Monthly Archives: November 2012

How Do You Know?

You wish to be a coach?   How do you know if you are a “coach”.

Do you effect changes in those athletes who trust you to speak truth and cause positive change?’

Simply, do you give more than you receive?

There is no way that a coach can be paid enough for what he does (said he, modestly)….  SO it is important that the “quid pro quo” have nothing to do with money.

Yes, a coach, you, must make a payment be worth what the payor feels it is worth.  One failing coaches often have is that they are afraid to charge a fee commensurate (equal to) what their benefit is worth.  So they charge nothing and send the message that their expertise is worth “nothing”.  So it is worth exactly what they wanted to relate it as.

How do you know you are a coach worth your salt?  Regardless of what you charge you can judge your worth by simply, do your subjects improve?   Do they respect you?  Do you exit the gym feeling that you have done good?

As a coach, often you can hope for nothing more.

Clearing The Mechanism, or FOCUS

More on this notion of training an athlete mentally.

Olympic Style Archery is routinely performed in quiet, much like the golf gallery as the golfer hits the ball –  kind of a hushed up close, sometimes a little noise from a nearby fairway.

Even at National Championships for archery, even for World Cup events (usually) the archers enjoy a respectful silence from the crowd as they make their shot.  The worst complaint regarding noise is from the archers who cannot shut out the camera shutter noise – click click click click click hundreds of a time during a shot cycle, which they might never have had to deal with until they get to a “big” event.  As you know, a camera’s motor-driven mechanical shutter can drown out the clicker on the riser if the coach has not trained the archer to sense the clicker’s actions (movement, tactile vibration, AND sound) in order to free the arrow to fly.  It can be VERY distracting to the unprepared archer!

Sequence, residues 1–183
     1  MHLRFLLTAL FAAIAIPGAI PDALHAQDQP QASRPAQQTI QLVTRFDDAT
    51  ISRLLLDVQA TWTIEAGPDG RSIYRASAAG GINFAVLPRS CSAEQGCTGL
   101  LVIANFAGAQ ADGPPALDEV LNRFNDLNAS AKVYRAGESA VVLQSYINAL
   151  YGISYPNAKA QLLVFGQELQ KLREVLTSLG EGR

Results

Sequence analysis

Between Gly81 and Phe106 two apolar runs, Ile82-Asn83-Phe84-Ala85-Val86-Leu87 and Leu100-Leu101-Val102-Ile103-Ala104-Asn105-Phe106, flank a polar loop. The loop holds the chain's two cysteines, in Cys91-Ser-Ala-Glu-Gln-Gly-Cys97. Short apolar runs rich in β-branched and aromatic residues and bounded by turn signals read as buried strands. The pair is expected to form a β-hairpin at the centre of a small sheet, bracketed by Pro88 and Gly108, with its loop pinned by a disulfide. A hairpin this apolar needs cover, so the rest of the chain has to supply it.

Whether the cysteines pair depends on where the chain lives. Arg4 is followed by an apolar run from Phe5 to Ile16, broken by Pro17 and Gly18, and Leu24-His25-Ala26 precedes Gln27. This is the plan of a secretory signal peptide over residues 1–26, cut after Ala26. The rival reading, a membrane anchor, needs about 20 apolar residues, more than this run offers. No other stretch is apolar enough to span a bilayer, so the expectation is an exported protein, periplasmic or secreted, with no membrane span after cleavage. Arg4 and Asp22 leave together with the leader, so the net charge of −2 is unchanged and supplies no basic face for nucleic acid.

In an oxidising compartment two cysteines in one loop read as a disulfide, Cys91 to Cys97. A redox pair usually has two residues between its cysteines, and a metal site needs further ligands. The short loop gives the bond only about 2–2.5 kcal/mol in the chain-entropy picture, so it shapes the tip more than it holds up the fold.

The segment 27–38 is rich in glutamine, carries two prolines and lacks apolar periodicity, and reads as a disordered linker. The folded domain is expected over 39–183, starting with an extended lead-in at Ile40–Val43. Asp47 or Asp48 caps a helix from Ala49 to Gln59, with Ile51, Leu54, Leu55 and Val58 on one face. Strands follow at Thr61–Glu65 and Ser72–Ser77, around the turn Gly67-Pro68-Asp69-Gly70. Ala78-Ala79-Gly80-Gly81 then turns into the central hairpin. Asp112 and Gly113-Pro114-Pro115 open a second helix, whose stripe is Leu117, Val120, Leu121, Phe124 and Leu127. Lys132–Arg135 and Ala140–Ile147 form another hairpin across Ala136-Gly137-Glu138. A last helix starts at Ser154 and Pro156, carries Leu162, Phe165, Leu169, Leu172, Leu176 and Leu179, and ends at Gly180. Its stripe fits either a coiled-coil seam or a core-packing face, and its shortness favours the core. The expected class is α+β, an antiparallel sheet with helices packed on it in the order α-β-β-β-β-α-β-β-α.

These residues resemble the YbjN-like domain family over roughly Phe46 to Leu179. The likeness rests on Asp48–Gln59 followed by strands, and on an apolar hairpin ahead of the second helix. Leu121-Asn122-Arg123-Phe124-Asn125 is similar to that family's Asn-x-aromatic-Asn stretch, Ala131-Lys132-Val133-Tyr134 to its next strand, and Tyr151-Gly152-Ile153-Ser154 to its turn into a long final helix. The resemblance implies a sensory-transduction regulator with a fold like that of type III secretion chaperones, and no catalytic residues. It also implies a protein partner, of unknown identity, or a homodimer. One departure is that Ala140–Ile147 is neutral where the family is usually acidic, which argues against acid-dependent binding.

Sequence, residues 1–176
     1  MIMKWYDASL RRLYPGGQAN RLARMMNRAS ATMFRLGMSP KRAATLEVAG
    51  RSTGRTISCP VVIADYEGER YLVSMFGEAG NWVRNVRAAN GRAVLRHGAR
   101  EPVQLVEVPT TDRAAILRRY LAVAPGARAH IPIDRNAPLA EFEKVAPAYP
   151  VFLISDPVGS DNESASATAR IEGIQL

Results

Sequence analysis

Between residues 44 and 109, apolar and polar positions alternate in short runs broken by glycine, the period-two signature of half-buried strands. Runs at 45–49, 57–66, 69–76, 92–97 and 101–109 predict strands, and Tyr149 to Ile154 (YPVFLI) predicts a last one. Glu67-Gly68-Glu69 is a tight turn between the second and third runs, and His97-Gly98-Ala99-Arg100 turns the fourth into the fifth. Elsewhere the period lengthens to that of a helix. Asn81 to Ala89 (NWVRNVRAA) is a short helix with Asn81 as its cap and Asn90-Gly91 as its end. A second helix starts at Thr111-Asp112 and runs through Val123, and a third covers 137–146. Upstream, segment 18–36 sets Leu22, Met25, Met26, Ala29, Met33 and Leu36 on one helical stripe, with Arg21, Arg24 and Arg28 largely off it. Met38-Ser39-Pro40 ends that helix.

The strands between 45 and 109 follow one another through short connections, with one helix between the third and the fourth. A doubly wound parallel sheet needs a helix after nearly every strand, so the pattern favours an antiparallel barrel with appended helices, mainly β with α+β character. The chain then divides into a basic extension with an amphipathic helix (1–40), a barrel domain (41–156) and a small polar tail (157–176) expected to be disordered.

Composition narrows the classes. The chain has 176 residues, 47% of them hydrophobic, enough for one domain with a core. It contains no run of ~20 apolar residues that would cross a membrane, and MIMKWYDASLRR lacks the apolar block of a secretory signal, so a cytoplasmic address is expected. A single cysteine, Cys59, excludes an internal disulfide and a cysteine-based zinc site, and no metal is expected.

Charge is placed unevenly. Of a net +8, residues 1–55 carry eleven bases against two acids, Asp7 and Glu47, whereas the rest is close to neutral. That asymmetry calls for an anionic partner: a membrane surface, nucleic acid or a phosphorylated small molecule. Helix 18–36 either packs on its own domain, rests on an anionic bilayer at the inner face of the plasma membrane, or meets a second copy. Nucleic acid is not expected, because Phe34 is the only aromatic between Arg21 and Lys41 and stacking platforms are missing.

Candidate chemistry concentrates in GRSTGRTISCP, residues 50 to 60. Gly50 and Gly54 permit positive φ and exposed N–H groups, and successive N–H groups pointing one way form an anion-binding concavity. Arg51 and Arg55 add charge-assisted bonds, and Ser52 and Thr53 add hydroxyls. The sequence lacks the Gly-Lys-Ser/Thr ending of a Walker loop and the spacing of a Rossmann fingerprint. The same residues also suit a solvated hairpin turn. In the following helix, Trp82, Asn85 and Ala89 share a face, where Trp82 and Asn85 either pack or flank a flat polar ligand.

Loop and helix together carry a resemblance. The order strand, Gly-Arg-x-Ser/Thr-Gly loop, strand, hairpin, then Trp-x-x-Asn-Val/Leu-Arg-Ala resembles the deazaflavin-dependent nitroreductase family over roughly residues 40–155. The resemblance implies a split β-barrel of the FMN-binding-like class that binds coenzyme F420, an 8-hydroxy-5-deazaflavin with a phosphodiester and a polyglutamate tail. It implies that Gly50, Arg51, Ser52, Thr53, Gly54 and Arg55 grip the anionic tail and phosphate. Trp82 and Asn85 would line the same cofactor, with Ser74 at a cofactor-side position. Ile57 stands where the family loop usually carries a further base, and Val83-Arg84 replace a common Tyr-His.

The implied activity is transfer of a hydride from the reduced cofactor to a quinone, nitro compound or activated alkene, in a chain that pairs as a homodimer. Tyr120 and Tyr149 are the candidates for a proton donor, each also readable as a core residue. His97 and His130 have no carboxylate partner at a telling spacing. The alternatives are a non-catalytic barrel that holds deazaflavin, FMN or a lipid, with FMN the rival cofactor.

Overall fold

That’s small peanuts compared to the show, the bigtime, the ultimate.  When an archer arrives in some foreign countries, and especially at the Olympics/Paralympics, the archer will perform before stands of thousands of partisan fans (the word “fan” derives from FANATIC, remember).  Those fans likely will NOT know the custom of “quiet” like you see when a tennis star is serving at Wimbledon, or a pro golfer is teeing one up.  They will likely have brought inflatable mylar tubes, cowbells, clackers, loud voices screaming hoarsely for THEIR archer’s shot as YOUR archer’s shot clock ticks down from 20 seconds…

What will your archer do?  What CAN you do?  During this last 2012 London Olympics, I saw a commercial where an asian archer’s coach is inches from her face, screaming at the top of his lungs as she executes shot cycles.   I thought, yeah, I did that.  I also sprayed an athlete with a water jet while she shot, not just to simulate rain but to distract her.  I banged pots together HARD and abruptly(not always constantly)  behind her, to startle her.  Of course, I yelled, screamed, and gestured into her visual field.  I played an audio track from a previous game, with a world-class announcer who actually inserted the archer’s name into the dialogue to help with visualization.  When it rained, we practiced.

I worked very hard on increasing the athlete’s ability to focus.  It became a keyword.  “Focus”.   I played a video for her that epitomizes what I wanted her to learn to do – to shut everything out when the next 20 seconds become “everything” to her last 8 years of dedication.

For your consideration, I present a copy of that video, which she called “corny”.  I thought for awhile on this, and decided, so what if it’s corny?  It works as an example, and it planted the seed in her mind that she could do the same…

I do not think I did my job as well that last time as I would do, were there to be a next time.  You can never do enough to prepare your athlete for 15,000 fans screaming their lungs out, but you can try.

Click to view the example of what *every* archer must be taught to do.  The “key” mnemonic phrase to trigger it can be different, but the athlete has to be able to do it.  Shut the crowd out. Zero in, focus on what is to be done.

Copyright Credit: This excerpt is from “For Love Of The Game”, with Kevin Costner from 1999 – it is only about 30 seconds in length but might be worth a lifetime of memories for the athlete that learns from it the concept of FOCUS. For the full movie, check here